October 22, 2011
Iran’s Foreign Ministry Spokesman Ramin Mehman-Parast expressed his joy upon hearing the news of former Libyan leader Muammar Qaddafi’s death and congratulated the Libyan people on this victory.
ISNA, the Iranian semi-official news agency, reported Mehman-Parast as saying that Qaddafi’s death meant “the end of history’s despots and oppressors”. He also called for “popular power in Libya” and described Qaddafi’s authority ─ who was once Iran’s key ally just a few months ago ─ as “the black dictatorship”.
The Iranian spokesman expressed his country’s willingness to transfer its expertise to Libya and participate in the reconstruction of the country.
It is important to note that the Islamic republic did not officially recognize the Libyan Transitional Council as the opposition.
The delay in recognizing events in Libya raised criticism within Iranian media, including the fundamental website, asriran.com, which wrote: “Our country’s foreign diplomacy dealt with Libya as if Iran does not exist on the world map”.
Iran- Libya relationship
The political relationship between Iran and Libya started in 1967 when both countries were governed by the monarchy, just one year shy of Qaddafi coming to power after a deposing King Idris in a military coup.
From the moment Qaddafi came to power on September 1 in 1969, he joined the Arab leaders alliance that comprised Jamal Abdul Nasser, Yasser Arafat, Ali Nasser Muhammad and Hafez al-Assad, against Iran’s King Mohamed Reza Pahlavi, the last pro-western king who was accused of supporting Israel and was later overthrown by a popular revolution in 1979.
On December 30 that year, Libya, along with Iraq, South Yemen and Algeria, filed a complaint to the Security Council against the Shah’s occupation of the three Emirates islands of Greater and Lesser Tunb and Abu Musa. This stance strained the relationship between Tripoli and Tehran.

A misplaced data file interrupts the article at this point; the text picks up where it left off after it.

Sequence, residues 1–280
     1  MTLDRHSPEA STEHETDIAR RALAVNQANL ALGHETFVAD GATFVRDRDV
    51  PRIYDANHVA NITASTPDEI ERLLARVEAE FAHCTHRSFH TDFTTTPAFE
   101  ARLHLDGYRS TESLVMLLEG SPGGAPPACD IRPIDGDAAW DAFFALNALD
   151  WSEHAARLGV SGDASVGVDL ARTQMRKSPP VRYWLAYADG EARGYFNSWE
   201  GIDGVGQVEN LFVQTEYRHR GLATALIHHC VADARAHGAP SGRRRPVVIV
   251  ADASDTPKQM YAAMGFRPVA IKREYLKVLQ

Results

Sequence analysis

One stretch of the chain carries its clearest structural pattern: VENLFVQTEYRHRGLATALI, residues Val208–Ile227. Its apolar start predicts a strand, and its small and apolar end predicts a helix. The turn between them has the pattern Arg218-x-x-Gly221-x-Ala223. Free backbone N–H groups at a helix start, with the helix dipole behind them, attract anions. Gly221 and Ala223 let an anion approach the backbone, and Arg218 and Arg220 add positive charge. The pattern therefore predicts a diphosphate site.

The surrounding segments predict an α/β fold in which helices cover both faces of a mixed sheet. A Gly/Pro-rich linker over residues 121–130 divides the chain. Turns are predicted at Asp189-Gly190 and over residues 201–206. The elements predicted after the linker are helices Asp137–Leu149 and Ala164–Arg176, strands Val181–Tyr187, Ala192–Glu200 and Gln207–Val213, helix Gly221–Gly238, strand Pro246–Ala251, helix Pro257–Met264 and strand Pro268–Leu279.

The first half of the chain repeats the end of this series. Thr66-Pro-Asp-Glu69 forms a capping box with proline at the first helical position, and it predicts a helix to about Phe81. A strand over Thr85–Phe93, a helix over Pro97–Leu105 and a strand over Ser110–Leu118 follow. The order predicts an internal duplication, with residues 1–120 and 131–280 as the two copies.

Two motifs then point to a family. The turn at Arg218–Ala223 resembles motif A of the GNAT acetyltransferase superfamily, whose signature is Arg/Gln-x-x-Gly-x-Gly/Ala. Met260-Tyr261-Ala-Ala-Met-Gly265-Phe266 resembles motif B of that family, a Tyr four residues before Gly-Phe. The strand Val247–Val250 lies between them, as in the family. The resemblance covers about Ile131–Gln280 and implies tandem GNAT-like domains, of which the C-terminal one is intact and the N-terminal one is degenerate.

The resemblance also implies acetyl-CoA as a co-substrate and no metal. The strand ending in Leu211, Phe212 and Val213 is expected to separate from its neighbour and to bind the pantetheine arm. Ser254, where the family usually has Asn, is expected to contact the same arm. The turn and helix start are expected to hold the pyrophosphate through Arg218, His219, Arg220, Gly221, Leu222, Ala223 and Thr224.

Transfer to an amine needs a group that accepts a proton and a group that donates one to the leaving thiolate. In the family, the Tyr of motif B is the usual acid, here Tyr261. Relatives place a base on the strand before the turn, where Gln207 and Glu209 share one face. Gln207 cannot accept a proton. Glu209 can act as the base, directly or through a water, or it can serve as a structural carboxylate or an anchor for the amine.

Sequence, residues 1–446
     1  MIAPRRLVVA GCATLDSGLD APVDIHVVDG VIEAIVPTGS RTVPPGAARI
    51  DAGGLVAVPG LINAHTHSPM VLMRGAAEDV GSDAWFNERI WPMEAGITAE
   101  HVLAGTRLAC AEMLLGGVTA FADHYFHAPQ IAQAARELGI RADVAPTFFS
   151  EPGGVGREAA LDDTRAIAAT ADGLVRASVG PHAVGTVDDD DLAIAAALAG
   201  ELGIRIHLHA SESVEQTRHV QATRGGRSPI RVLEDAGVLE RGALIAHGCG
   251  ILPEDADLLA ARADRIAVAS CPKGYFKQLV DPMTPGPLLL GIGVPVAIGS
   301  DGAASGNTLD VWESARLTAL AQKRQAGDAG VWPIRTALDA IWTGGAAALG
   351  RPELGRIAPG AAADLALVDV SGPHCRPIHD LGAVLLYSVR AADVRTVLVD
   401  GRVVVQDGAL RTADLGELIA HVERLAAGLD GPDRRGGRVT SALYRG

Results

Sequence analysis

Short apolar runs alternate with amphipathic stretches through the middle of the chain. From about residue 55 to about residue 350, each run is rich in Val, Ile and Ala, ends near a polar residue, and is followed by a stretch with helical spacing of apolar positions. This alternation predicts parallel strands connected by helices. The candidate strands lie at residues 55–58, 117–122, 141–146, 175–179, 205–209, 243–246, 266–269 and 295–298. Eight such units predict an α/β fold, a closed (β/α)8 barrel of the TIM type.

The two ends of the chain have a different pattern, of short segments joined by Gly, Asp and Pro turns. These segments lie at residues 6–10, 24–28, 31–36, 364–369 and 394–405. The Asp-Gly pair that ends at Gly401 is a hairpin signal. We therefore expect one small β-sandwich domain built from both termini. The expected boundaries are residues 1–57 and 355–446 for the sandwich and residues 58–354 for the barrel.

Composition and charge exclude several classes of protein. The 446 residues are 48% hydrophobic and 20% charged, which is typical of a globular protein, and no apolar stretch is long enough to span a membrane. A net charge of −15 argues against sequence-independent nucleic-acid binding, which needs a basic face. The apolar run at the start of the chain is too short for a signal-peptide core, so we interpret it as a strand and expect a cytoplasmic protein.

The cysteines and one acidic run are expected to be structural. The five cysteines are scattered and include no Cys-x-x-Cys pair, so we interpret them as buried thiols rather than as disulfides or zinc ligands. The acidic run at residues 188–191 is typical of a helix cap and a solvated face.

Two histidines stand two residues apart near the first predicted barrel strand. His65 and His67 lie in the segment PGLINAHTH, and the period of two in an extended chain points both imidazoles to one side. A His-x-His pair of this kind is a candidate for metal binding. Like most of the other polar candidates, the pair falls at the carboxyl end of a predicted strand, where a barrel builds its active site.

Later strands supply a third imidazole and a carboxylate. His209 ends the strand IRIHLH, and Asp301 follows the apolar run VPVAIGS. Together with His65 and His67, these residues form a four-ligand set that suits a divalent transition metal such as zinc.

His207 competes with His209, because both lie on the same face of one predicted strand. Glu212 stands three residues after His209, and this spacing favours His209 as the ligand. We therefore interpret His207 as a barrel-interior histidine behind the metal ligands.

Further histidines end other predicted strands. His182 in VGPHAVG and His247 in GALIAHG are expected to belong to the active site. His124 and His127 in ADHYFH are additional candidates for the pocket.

Shortly after the Iranian revolution in 1979, Colonel Abdel Salam Jalloud, then Libya’s second in command, became one of the first dignitaries to visit Tehran to offer congratulations for the country’s victorious revolution ─ thereby bringing a thaw to bilateral relations.
According to the website Farda, which is said to have close ties to Tehran’s police chief Mohsen Qalibaf who is former commander of Iran’s Revolutionary Guard, Libya provided crucial military assistance to Iran during its war with Iraq. So strong was Qaddafi’s support, the report says, “Even if Qaddafi had kidnapped Imam Moussa Al Sadr, he would have issued a statement against Saddam Hussein, in favor of Iran. However, he ultimately exerted pressure on Iran to stop the war on Iraq. Despite all the contradictions, Qaddafi was our key ally in the war that was imposed on us.”
The report adds: “Libya was in the recent past a precious friend and supporter of our country. If we overlook Imam Moussa al-Sadr’s disappearance and the developments in Libya during the last few months, we would find that it was among the few countries that stood by our side during our darkest days in the 1980s.”
The report does, however, say that Qaddafi was serving his interests by offering this support.